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  • Flu Precautions to Take Before Traveling Abroad

    Does the US flu season line up with flu seasons around the world? SPS answers this flu and travel question and more.

    October is here, and that means something a lot scarier than Halloween: it’s flu season. Across the US, you’ll start to see clinics, pharmacies, and schools offering flu vaccinations, and it’s probably a good idea to get in one of those lines. Getting hit with the flu is one of life’s least pleasant experiences, and it’s that much worse if you have big travel plans coming up.

    But what if you’re already in another country? Does the US flu season line up with flu seasons around the world?

    In fact, different regions of the world have their own flu outbreaks at a variety of times throughout the year. When you’re traveling somewhere new, check online to find out whether that area has come down with a flu bug. If you check flu trends far enough in advance, you should be able to protect yourself with a flu shot before your travels. Remember that getting a flu vaccine carries the small risk of giving you the flu, so you’ll want to get your vaccine at least two weeks before your travel to ensure that you are healthy when you fly.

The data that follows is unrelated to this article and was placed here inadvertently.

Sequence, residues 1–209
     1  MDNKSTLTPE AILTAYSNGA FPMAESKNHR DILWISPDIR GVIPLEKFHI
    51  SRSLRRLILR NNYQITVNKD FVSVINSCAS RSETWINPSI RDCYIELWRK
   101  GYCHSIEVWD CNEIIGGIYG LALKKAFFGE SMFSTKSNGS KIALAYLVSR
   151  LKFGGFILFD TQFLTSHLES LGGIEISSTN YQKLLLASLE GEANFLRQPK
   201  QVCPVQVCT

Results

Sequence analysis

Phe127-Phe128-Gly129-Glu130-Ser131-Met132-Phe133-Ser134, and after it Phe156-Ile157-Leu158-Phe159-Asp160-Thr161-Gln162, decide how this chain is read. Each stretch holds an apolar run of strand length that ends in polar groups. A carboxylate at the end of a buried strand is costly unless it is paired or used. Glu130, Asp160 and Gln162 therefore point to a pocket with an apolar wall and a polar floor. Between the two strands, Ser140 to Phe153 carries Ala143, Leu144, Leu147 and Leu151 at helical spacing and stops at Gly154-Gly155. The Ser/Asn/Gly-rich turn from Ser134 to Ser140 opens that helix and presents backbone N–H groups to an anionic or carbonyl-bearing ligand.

You should also be aware of any other major health concerns you might be faced with where you’re traveling. For example, China, Egypt, India, and a few other countries have ongoing problems with H5N1 Avian Flu. Cities like Shanghai have dangerously high levels of smog that could be hazardous, particularly to people with asthma or other respiratory problems. Do your research and make sure that you’re suitably prepared with appropriate insurance and information, wherever you’re going.

    You should not travel if you have the flu. Getting on a plane with the flu or flu like symptoms is a bad idea all the way around. For one thing, your symptoms could worsen on the flight or in the country you’re visiting, creating an unsafe medical mess. For another, you could infect all the people around you. If you’re clearly sick, you’ll likely get turned away at the gate.

    Now, if you get the flu while traveling internationally, there are a few things you should do. First, call the local US Embassy to get help finding a health care provider near you. Next, call your health insurance provider to find out where you’ll be covered. You’ll also want to make sure that you’re following the local health recommendations. For example, you might be some place where it’s safer to drink bottled water than tap water.

    For more information about the flu and travel around the world, check flu.gov.

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